5 steps to laser-like focus

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I used to have undiagnosed attention deficit disorder (ADD). This was most apparent when I was at work. My other business is in video production, a large proportion of which involves editing.

The ADD part of my brain didn’t even want to start longer tasks like that, it preferred the instant gratification of a quick email, looking something up on google or having a chat with someone.

The consequence of that was that I would leave starting it to the day before the deadline and feel stressed about getting finished.

When I finally did come to do it, it was a real struggle to stay doing it for more than a few minutes. I kept craving stimulation from somewhere else.

This meant it took a lot longer than it needed to and it felt like a real struggle to get it done.

This also affected the way I read books. It had become far less likely that I would pick one up in the first place, preferring to do something with my phone, and when I did, I could barely read half a page without getting distracted.

Now I really enjoy getting absorbed by my video editing and I can read for half an hour without any desire to do something else.

One thing that helped me to turn this round, was learning the simple process for how you train your attention. It’s something everyone should be taught in school, surely! But I only came across it through learning mindfulness.

The steps are these:

1. Choose something to focus on

2. Notice when your attention has wandered

3. Celebrate the fact that you’ve noticed (sometimes I say to myself “Well done, Andy!”)

4. Bring your attention back to what you want to focus on

5. Repeat.

You can practice this when meditating, while walking, eating, brushing your teeth or standing on the tube. It’s a way of developing what is known as ‘Cognitive Control’, which is one of the most well evidenced benefits of mindfulness.

In the words of US Marine Corps Major General Melvin Spiese:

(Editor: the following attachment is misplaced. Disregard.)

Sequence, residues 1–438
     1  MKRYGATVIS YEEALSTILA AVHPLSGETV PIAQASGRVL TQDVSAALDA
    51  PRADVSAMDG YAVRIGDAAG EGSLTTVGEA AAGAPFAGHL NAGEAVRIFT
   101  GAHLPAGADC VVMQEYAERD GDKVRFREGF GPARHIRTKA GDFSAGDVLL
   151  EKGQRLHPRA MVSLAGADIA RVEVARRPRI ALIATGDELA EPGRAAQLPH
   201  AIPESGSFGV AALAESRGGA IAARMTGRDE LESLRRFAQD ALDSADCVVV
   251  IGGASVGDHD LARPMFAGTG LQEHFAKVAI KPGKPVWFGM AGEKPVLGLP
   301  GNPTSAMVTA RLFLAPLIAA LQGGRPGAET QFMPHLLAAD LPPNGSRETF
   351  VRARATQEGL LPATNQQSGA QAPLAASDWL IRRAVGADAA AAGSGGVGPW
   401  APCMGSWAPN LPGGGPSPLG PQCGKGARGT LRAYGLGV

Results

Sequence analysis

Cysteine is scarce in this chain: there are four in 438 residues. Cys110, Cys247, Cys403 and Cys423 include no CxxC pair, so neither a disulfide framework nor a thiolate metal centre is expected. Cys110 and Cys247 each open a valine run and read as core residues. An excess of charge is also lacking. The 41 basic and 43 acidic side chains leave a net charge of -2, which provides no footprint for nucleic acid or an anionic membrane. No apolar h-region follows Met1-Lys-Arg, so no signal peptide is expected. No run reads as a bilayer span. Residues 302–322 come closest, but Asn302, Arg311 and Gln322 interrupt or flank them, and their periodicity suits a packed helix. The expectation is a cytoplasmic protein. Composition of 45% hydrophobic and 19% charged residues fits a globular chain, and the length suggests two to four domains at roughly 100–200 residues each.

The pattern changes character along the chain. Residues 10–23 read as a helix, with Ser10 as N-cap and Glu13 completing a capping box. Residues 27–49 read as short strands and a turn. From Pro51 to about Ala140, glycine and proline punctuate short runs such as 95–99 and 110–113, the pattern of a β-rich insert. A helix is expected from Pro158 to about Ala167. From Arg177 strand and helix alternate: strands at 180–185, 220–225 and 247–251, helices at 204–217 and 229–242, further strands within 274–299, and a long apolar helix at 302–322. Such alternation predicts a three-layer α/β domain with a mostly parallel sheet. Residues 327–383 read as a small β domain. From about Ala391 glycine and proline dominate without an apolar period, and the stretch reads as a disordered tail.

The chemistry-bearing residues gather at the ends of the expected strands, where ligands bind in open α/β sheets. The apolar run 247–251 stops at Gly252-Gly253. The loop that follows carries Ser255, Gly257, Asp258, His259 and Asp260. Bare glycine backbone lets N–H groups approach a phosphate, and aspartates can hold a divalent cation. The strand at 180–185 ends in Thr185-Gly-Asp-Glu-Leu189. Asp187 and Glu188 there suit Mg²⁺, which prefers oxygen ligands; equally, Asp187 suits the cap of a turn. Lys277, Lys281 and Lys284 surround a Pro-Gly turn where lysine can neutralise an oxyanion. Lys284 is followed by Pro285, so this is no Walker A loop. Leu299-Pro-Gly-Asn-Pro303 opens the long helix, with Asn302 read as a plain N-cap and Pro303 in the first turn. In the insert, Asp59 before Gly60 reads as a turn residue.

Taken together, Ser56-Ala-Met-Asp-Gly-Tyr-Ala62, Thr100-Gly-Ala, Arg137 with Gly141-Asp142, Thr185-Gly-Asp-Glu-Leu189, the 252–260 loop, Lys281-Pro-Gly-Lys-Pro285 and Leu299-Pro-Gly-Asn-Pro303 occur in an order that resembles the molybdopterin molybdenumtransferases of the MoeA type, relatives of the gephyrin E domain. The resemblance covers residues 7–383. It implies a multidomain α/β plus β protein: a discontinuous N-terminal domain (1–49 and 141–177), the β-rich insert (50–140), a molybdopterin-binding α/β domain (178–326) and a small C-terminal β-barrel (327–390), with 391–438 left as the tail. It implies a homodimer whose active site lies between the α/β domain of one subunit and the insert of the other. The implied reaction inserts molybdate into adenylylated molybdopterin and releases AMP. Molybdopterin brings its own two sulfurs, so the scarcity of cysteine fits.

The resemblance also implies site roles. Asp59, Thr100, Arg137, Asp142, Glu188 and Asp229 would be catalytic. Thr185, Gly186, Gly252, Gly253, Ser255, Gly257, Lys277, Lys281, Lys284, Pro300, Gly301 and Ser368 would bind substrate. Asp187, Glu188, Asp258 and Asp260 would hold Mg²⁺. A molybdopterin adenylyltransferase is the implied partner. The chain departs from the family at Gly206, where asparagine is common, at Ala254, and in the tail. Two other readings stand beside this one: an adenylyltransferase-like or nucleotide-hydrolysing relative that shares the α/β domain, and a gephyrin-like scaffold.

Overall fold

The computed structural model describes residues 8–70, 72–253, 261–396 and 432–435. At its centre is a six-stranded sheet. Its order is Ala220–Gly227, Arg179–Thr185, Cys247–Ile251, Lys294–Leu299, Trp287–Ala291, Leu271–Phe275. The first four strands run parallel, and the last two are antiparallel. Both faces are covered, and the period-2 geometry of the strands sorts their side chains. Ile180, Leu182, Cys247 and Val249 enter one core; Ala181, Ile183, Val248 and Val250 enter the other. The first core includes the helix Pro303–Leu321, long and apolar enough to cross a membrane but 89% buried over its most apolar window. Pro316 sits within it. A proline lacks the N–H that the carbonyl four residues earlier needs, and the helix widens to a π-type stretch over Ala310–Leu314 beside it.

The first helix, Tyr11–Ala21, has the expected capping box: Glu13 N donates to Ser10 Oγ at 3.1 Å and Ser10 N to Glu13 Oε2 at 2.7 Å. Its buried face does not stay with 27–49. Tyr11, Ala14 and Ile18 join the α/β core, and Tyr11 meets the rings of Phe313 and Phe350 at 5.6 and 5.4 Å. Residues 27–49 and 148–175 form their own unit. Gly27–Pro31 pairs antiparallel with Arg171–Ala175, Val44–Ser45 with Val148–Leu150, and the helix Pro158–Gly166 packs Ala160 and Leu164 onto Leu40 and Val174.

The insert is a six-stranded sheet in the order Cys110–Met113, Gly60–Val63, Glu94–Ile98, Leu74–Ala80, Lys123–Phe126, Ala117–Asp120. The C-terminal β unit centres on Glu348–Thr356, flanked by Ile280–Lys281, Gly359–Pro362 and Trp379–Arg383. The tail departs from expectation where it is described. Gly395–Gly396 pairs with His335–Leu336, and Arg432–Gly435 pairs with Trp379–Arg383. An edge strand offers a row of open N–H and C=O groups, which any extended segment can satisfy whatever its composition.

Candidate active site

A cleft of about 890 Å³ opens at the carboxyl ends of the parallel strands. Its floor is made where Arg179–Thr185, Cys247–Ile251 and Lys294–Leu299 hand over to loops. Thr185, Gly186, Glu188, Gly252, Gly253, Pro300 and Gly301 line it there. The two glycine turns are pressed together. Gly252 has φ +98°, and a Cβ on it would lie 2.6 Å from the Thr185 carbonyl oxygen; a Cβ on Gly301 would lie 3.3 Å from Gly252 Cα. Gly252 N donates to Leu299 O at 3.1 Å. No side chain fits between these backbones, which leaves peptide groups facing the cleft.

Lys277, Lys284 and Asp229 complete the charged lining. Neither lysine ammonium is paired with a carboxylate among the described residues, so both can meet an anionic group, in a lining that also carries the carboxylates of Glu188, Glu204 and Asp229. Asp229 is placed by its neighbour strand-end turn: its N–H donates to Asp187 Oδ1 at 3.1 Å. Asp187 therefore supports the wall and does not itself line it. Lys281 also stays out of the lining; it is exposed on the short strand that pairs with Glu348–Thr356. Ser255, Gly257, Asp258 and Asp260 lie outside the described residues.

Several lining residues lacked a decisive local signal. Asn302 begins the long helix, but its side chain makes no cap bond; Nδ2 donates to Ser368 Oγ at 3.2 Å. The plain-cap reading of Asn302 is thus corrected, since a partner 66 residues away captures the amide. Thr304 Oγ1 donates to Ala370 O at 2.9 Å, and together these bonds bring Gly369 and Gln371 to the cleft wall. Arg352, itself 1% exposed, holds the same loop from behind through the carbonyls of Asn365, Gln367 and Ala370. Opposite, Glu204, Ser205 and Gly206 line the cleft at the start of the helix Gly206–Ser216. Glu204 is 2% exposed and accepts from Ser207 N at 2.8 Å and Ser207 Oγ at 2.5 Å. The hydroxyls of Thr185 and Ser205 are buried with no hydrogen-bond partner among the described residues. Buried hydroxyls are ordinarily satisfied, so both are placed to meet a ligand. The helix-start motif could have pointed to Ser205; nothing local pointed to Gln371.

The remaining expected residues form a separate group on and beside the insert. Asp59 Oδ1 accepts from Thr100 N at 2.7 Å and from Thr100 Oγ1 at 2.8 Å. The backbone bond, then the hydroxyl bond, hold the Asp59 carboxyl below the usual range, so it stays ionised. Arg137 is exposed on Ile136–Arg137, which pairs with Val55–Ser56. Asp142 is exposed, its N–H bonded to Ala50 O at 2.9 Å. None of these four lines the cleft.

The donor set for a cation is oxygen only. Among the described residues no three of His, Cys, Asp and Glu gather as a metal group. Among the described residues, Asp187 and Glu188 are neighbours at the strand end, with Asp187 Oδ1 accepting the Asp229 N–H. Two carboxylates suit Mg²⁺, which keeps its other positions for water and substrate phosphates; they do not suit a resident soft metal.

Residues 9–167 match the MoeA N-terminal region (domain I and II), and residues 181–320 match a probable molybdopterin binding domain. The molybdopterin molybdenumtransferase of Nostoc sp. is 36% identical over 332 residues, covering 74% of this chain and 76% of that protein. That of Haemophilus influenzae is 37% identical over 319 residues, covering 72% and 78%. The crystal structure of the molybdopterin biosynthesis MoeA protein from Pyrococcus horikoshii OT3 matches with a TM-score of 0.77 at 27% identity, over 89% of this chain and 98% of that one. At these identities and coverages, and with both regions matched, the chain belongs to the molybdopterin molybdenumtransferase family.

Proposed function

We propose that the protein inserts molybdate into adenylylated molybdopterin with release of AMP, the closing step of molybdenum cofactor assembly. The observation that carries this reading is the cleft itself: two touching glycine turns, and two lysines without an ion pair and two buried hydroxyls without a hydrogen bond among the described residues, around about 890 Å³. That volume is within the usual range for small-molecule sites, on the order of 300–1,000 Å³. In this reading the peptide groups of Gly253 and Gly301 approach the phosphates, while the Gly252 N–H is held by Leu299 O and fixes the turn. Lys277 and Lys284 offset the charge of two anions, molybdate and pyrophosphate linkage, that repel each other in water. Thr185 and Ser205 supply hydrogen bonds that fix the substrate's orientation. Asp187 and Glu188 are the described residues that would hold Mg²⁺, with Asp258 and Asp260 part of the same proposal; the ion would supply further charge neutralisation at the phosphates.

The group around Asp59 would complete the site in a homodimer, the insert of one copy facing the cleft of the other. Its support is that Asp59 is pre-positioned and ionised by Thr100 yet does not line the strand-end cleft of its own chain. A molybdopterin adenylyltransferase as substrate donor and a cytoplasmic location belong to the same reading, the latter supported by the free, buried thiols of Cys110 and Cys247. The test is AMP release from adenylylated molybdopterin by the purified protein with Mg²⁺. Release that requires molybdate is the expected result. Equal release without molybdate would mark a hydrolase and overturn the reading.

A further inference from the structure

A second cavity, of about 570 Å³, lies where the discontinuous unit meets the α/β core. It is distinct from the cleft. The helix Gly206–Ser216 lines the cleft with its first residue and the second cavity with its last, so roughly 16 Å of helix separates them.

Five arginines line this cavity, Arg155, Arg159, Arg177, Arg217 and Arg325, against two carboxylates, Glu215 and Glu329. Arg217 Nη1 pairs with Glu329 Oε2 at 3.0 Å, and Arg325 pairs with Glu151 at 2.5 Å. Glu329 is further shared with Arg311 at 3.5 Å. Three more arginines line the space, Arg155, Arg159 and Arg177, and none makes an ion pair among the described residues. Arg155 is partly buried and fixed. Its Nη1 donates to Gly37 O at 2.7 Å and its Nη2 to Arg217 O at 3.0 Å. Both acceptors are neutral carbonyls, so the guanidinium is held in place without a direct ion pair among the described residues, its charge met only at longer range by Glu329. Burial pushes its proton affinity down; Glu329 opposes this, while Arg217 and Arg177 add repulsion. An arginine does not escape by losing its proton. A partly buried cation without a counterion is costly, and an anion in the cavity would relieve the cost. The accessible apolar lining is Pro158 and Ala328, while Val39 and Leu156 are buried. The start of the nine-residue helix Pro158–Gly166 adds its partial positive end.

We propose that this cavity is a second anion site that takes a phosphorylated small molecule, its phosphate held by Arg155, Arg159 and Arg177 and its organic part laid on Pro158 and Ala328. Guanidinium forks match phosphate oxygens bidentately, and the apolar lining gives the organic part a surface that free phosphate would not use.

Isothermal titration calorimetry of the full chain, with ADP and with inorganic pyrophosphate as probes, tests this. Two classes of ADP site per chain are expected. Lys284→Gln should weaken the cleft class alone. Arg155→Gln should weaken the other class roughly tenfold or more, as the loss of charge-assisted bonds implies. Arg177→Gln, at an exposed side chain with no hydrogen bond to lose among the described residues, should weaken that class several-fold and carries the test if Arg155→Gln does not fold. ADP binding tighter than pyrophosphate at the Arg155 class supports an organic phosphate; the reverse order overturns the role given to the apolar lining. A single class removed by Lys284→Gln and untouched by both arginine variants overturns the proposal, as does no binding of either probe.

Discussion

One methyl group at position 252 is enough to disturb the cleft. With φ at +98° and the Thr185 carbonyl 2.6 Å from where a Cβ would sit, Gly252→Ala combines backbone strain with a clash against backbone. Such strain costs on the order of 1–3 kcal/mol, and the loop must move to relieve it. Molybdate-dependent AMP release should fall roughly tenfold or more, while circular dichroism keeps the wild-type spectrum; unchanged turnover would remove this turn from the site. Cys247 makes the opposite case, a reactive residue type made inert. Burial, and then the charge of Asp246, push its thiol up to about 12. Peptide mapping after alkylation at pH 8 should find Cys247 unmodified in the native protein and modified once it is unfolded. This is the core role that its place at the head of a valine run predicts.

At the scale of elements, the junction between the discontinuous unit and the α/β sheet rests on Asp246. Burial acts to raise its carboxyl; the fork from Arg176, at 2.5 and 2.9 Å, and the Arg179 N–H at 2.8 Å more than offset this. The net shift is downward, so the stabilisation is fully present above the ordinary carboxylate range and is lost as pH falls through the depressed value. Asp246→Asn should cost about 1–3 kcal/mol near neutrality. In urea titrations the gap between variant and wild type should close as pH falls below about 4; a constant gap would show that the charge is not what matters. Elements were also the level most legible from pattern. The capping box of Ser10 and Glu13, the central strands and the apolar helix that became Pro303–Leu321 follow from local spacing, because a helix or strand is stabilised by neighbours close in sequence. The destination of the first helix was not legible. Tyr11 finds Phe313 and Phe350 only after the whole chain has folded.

‘As we see the data supports it, it makes perfect sense that this is what we should be doing… It’s like doing push-ups for the brain.’

Celebrating the fact that you’ve noticed might sound a bit silly, but it’s absolutely crucial, because many people self-flagellate for realising they’re no longer concentrating, and this just creates more tension in the mind.

It’s like berating yourself for breathing. Everyone’s mind wanders, it’s what minds do. Appreciating yourself for increasing your cognitive control feels better, and works better.

Another reason for practising this, apart from improving your productivity and ability to read books is that a Harvard Study showed that a wandering mind is an unhappy mind.

They texted people at random intervals to find out if their mind was focused on what they were doing and they found that when it wasn’t, they were less happy.

Our minds tender to wander onto the negative — people we’re annoyed with, things we’re worried about, fearing not getting everything done, and so focusing on the here and now, brings you more contentment.

The hardest thing is remembering to do it. But I find the more I remember, the more I remember, so get practising!

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